You had to have the ability to create a larger story that would enact a large group to band together to do something dangerous something brave something unexpected — To kill, to plan, and to make difficult choices. Our ability to work together and our ability to believe a story connected us to others and helped our species evolve.

Everything in evolution is about conservation. What do we really need? What’s important? Social systems take up a lot of space in our brain and they require a lot of energy. That means we need to find more stuff to eat and that can mean putting our lives in danger. The prefrontal cortex, the area of the brain that helps us get along, think about others, imagine something, look at past and future, this is the part of the brain that evolved. It grew because our survival depended on it. We needed the capacity to work with large groups, to persuade, to remember, to build connections and trust, and most importantly, to tell a story and believe that story.

We survived by telling stories.

We survived by creating lies.

Lies that would inspire you to take the risk of working together for one cause, for one goal, or for the spirit of fire or the spirit of the great bear, or God.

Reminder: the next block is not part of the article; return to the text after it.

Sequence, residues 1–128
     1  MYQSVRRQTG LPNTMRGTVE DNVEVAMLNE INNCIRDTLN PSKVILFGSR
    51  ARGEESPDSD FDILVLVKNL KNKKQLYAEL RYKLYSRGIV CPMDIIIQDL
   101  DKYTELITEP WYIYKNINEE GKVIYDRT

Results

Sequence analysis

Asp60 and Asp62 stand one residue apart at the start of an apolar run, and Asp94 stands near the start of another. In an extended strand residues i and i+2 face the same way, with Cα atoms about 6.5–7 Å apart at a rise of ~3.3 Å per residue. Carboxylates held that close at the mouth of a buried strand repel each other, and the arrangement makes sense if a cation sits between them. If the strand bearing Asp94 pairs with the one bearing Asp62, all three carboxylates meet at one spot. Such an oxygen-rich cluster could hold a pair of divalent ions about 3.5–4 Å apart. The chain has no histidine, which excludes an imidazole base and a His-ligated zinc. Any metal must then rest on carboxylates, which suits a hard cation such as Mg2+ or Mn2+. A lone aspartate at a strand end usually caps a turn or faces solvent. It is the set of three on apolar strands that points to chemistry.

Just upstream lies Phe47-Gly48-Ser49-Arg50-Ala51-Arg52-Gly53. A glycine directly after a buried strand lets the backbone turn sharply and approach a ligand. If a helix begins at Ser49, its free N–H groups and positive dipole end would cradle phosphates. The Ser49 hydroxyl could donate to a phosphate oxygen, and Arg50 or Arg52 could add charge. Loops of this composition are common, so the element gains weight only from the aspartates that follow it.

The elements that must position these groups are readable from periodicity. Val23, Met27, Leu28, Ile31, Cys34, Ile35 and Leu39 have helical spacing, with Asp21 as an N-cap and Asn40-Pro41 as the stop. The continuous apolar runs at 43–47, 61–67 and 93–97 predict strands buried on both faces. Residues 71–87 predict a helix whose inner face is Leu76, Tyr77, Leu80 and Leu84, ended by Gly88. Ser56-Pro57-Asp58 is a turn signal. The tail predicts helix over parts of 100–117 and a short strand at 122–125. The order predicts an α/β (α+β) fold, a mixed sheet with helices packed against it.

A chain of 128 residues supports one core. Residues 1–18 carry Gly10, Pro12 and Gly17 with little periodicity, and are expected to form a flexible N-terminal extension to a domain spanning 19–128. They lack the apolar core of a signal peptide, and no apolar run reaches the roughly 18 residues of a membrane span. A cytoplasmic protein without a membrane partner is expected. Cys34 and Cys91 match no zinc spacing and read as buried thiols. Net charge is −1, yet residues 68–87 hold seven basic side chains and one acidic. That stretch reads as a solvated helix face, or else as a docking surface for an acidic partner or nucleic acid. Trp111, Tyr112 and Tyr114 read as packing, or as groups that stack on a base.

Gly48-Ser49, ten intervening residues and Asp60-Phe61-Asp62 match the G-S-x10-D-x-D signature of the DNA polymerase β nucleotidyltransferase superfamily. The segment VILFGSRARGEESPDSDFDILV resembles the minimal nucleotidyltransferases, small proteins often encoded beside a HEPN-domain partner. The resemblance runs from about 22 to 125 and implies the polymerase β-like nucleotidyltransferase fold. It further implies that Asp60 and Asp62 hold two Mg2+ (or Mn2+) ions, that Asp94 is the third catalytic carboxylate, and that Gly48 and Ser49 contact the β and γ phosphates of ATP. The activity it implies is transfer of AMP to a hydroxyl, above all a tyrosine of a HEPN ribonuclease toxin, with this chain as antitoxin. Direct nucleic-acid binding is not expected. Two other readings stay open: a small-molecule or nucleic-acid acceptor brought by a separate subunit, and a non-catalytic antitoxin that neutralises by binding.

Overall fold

Lies that would enable you to sacrifice yourself for the greater good — for the story — for the big tribe.

Our stories save us and our stories kill us.

Brett Weinstein, an evolutionary sociologist coined the term “metaphorical truth” as a truth that is wrong, but if you behave as if it is correct you come out ahead. Believing a metaphorical truth advances a species. They are systems of belief that save the people until modernity evolves, and then metaphorical truths run their course and get replaced by new stories. Every story advances civilization and is meant to precede the story before it in increments.

We don’t do well, when we are in the transition of a new metaphorical truth.

A nation is a story.

Money is a story.

Throwing a virgin into the volcano to appease the angry gods is a story.

Religion is a story.

We don’t do well, when we are in the transition of a new metaphorical truth. Right now we are in one of those moments. Thomas Kuhn might call this a paradigm shift. Yuval Harari would describe this as a function of our evolving species that allowed us to adapt and work together to sacrifice and make choices that serve the greater good over the one or some.

How did Homo Sapiens survive? We survived by telling a collective lie. Over and over and over again, evolving, moving, shifting and over time moving us forward.

How will Homo Sapiens continue to survive? By doing the same thing, except now, today, the collective ‘metaphorical truth,’ the one we are familiar with, that gives us an illusion of certainty, familiarity and safety, it has to die. It has to die and we have to go back into the savannah, into empty space, vulnerable, hungry, lonely, crazy or inspired. It is our turn to be that monkey, that one who steps forward to tell a different story, a different lie.

Who will volunteer to be that brave monkey?